While the hardware – an array of all-seeing cameras, ultrasonic sensors and radar – will be fitted to the Model S, Model X and more affordable new Model 3 cars, the self-driving mode won’t be enabled until new software arrives. Tesla says that until then some of the current Autopilot functions, such as automatic emergency braking and collision warning, will be disabled.
“Before activating the features enabled by the new hardware we will further calibrate the system using millions of miles of real-world driving,” says the company. Tesla says it expects to roll out the enhanced software via wireless updates from December, though it adds it is all subject to “regulatory approval, which may vary widely by jurisdiction.”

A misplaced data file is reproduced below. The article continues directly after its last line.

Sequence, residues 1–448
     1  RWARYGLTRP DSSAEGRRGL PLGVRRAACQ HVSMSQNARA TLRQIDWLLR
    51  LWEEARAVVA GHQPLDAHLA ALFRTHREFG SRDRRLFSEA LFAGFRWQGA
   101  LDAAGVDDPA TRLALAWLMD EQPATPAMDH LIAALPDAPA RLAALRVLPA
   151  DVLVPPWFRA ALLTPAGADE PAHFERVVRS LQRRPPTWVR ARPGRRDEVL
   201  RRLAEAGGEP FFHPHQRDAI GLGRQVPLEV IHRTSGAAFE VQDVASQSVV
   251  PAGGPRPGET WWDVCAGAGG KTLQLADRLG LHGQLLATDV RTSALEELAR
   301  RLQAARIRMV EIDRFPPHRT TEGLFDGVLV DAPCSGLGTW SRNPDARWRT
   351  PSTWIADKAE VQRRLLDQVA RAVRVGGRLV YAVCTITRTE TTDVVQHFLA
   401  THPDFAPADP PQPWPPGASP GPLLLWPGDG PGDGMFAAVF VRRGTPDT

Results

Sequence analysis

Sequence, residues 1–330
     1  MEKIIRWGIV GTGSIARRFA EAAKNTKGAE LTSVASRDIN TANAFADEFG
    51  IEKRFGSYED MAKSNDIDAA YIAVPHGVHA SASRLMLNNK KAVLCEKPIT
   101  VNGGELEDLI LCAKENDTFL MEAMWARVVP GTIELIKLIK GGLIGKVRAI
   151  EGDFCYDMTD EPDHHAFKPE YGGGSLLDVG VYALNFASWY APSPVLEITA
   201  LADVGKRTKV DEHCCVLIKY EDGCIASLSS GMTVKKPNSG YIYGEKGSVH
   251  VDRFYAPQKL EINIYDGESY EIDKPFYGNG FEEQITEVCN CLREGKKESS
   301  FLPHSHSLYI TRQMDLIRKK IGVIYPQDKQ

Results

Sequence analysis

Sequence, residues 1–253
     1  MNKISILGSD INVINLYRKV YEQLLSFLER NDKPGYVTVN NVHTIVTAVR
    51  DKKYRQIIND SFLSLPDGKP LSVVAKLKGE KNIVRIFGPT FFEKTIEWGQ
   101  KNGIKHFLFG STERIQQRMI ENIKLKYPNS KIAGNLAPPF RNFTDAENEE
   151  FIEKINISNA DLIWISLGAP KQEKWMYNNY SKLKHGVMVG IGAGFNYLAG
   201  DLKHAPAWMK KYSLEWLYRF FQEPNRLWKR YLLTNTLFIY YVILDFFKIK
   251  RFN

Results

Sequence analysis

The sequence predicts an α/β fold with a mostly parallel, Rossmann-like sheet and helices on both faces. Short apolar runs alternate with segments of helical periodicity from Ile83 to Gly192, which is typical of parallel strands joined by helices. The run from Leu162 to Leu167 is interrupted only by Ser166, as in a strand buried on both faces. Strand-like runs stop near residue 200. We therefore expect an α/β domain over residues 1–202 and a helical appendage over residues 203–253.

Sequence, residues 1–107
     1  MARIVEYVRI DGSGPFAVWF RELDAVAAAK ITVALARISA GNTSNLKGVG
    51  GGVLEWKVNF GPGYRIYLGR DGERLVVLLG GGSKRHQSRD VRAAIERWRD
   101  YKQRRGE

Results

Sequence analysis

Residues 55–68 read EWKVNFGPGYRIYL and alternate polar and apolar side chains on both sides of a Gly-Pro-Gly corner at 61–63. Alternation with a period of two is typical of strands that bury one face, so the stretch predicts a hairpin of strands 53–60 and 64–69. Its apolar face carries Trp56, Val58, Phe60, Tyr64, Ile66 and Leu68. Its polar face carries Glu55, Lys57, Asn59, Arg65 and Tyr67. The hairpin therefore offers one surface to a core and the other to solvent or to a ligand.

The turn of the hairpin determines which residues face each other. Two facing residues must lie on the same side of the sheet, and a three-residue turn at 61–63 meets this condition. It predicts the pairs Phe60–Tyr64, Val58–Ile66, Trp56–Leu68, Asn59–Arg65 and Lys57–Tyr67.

Apart from a new onboard computer said to have 40 times the computing power of the previous generation model, all future Teslas will come with eight cameras providing 360 degree visibility at up to 250m; 12 ultrasonic sensors and a forward-facing radar that Tesla says can see through heavy rain, fog, dust and the car ahead.
“Together, this system provides a view of the world that a driver alone cannot access, seeing in every direction simultaneously and on wavelengths that go far beyond the human senses,” says Tesla. Ultimately, the company says, the full self-driving capability will have “a probability of safety at least twice as good as the average human driver”.